The Road to Residency Part 3: The Relationship

Births, Deaths, Marriages Victoria

The road to obtaining a partner visa granting me two years of residency is long and arduous. When I first read  through the paperwork, I was so overwhelmed that I cried. Then I pulled myself together and began printing documents, making lists, copies, and appointments. The tricky part is that you need different things from different agencies, which have their own requirements, and everything takes its own time.

Proving that your relationship is “genuine and continuing” is crucial to obtaining a partner visa. After all, this is a visa that would be granted to me based on my relationship with Theo. I’m in Australia and want to stay here because of him. The application requires at least two statutory declarations, “preferably from Australian citizens or permanent residents, who have personal knowledge of your partner relationship (such as a relative and a friend) and support your claim that the relationship is genuine and continuing.” Additionally, I need to submit photographs of Theo and I and with our family and friends. Technically, the Department of Immigration and Citizenship (DIAC) doesn’t request much more than this when it comes to proving the legitimacy of your relationship, but I’ve learned that you can do more that could help the process. My migrant agent strongly suggested that Theo and I register our relationship with the State of Victoria.

What does it mean to register your domestic relationship? This, according to the Victorian Registry of Births, Deaths and Marriages:

Registering your relationship entitles you to a standard relationship certificate. This in turn provides immediate recognition of you and your partner’s relationship, which may make it easier for you to access your legal rights without having to repeatedly prove your relationship in court or to different agencies. The certificate also means that you may not need further evidence that your relationship exists for other official purposes.

Any two adults who are not married, but are a couple where personal or financial commitments exists, irrespective of their genders and whether or not they live together, may register their relationship. The only major requirement is being able to prove residency in Victoria for at least 12 months. I’ve been here longer than 12 months, but I didn’t immediately have the documentation to prove it. I don’t have an Australian credit card and my name isn’t on the mortgage or any utility accounts. Thankfully, I opened a bank account shortly after I arrived. I used my bank statements, 12 months of them, which, as the police officer that verified them observed, don’t actually prove I live here. I have bank accounts in the USA and I haven’t physically resided there for over a year. But that’s what they want so that’s what I submitted. $233.40 and a month later, I received an unremarkable “Relationship Certificate” (you can get a fancier one for an extra $50).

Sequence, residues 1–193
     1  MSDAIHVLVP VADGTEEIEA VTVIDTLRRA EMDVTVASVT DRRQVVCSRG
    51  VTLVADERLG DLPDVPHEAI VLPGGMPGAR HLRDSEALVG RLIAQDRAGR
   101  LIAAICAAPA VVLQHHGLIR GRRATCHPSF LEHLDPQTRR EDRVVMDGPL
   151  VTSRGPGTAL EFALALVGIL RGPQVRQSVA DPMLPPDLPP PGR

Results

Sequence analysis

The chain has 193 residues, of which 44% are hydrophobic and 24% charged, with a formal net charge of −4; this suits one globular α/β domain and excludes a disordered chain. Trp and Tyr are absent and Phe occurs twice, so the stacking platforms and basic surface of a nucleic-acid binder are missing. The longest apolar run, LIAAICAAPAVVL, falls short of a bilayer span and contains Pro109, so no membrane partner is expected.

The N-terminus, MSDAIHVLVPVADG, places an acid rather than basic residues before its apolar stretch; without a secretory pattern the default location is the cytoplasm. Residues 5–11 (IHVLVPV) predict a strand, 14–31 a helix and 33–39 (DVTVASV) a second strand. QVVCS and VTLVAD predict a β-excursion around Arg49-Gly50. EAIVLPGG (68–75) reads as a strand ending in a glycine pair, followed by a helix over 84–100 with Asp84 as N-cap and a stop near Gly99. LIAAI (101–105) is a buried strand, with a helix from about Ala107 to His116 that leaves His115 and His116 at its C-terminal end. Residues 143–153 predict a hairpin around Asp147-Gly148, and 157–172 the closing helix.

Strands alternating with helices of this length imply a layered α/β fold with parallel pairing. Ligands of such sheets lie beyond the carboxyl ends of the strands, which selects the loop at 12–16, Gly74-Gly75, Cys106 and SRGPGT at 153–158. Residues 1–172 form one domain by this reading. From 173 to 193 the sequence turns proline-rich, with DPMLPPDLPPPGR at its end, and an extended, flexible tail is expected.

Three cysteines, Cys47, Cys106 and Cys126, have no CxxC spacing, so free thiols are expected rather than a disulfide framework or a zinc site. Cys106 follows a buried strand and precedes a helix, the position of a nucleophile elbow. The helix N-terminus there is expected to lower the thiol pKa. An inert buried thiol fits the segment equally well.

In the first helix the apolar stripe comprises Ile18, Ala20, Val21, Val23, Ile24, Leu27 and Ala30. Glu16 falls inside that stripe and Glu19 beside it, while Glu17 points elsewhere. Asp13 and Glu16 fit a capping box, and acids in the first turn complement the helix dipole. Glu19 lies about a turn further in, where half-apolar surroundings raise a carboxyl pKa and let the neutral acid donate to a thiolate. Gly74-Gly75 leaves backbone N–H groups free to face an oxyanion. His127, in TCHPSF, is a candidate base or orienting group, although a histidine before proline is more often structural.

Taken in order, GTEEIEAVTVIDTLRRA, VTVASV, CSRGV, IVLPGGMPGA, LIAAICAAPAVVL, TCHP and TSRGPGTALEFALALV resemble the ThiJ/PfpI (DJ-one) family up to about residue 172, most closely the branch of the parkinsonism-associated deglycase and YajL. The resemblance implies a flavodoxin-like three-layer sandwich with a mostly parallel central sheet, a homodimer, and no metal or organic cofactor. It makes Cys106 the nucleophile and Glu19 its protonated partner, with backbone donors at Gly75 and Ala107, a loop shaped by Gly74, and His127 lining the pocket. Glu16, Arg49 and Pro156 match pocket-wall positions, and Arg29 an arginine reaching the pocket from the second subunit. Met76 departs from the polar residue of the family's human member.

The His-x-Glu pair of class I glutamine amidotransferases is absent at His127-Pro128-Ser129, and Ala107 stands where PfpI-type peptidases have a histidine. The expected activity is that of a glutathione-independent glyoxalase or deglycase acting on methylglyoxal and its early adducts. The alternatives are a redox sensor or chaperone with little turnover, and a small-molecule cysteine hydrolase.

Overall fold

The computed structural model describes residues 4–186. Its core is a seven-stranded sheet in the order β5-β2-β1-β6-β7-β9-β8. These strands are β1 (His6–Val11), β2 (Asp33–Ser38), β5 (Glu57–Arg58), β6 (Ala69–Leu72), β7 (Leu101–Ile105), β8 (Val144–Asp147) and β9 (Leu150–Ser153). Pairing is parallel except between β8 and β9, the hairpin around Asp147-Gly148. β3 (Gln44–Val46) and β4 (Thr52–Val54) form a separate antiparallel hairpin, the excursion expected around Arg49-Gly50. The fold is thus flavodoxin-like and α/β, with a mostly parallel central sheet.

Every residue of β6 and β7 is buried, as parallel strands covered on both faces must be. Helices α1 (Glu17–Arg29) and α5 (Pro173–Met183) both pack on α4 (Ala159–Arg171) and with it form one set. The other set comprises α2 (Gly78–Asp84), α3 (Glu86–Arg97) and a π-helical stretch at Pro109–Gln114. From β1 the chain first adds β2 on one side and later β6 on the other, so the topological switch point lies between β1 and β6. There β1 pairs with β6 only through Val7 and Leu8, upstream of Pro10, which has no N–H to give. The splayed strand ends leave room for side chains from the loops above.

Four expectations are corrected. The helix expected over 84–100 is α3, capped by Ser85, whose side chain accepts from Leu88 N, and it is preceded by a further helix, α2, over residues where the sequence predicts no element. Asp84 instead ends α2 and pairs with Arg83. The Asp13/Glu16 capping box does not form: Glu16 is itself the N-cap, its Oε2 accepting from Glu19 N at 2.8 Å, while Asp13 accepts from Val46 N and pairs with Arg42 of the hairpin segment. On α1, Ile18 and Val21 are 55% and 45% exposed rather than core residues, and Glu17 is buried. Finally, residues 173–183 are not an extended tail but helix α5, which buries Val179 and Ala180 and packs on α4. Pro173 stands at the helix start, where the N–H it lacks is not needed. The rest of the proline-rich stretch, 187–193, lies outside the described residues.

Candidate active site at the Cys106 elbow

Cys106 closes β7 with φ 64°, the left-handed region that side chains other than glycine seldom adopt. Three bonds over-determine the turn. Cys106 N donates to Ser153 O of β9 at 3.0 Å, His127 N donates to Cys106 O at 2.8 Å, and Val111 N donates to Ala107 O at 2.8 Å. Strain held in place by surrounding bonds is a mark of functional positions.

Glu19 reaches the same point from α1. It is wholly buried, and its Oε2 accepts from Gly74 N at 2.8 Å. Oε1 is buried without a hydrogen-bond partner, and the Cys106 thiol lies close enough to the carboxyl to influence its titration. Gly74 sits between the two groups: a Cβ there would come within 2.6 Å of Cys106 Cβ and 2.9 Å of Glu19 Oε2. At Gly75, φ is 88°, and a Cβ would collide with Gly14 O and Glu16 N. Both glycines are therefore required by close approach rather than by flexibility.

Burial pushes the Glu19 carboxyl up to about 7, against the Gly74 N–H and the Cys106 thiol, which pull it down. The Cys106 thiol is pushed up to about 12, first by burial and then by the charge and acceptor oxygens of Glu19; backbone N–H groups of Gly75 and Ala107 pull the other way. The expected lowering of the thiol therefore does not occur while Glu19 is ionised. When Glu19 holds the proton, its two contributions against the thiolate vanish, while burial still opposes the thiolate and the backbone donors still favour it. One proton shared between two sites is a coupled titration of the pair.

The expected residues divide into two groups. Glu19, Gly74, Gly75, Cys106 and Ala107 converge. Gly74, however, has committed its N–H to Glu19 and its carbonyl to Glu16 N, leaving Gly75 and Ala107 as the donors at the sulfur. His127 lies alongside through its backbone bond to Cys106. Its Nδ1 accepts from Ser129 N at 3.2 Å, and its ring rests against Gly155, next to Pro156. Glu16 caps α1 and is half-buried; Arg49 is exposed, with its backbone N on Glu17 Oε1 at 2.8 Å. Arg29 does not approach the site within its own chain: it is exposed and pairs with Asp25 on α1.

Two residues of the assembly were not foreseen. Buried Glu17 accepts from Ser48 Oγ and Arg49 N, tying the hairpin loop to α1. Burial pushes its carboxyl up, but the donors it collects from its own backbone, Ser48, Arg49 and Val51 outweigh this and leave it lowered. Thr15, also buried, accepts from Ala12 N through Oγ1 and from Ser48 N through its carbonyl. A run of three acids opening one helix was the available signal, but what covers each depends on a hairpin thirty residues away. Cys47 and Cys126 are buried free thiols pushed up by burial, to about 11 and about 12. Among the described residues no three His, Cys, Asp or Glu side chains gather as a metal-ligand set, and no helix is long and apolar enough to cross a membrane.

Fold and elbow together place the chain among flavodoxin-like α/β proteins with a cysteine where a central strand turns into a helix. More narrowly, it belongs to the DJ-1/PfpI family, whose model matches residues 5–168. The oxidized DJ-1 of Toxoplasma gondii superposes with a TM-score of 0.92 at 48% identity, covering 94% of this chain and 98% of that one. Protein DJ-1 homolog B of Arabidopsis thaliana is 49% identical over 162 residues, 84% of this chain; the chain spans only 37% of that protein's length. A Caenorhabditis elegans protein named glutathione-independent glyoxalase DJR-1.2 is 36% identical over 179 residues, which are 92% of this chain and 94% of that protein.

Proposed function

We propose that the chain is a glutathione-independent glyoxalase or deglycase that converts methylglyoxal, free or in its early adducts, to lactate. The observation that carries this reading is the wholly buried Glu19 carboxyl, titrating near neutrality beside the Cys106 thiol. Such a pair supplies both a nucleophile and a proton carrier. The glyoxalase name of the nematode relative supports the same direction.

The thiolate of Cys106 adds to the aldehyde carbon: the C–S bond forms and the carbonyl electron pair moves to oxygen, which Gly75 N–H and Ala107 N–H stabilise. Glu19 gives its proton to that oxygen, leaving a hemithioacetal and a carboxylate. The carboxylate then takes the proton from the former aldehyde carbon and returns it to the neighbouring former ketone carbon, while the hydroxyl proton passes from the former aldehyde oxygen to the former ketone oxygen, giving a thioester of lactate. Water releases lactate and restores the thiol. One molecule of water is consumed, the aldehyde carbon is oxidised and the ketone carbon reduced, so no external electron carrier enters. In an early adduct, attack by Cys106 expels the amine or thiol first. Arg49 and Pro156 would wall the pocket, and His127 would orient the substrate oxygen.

Here are two tips for Americans coming to Oz and applying for partner visas. First, get your name on something as soon as possible – a lease, a utility account, open a bank account. Second, register your domestic relationship. Although it doesn’t look like much, it appears to lend some legal protection. If possible, present your application in person rather than by mail because an agent will review it immediately and inform you if anything is missing.

Read
The Road to Residency Part 1: The Visa Medical Assessment
The Road to Residency Part 2: Tricky Language
The Road to Residency Part 3: The Relationship
The Road to Residency Part 4: All the Extras
The Road to Residency Part 5: Death and Taxes
The Road to Residency Part 6: Temp Visa Granted
The Road to Residency Part 7: More Waiting

Comments

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2 Comments

  1. I hate that you’re having to jump through all these hoops, but personally I appreciate you detailing your journey through this process. I know that it will help someone out there to hear not only that they are not alone, but to get a firsthand account of the process. I certainly benefited from your blogs about traveling to AU from the US; I had no idea we needed an ETA to travel to AU, horrible I know, but having not traveled outside of Latin America has made me a bit ignorant in these things. Thank you for the post and I hope this process gets smoother for you from here on out!

    • Thank you. Yes, I figured there are other people out there in the same boat as me and I hope the information is helpful. I have mentioned the ETA before? I should blog about it. It’s a very easy visa to get.

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